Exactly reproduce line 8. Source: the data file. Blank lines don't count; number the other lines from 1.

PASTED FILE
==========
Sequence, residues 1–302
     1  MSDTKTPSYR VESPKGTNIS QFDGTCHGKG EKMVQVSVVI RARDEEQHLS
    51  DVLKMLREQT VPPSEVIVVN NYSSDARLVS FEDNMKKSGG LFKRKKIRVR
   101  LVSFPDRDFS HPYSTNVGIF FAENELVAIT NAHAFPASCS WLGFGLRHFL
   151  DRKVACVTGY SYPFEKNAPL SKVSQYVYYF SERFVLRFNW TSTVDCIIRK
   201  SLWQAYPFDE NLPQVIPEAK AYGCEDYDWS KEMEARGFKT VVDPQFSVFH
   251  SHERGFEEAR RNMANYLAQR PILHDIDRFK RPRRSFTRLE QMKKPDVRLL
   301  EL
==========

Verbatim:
   301  EL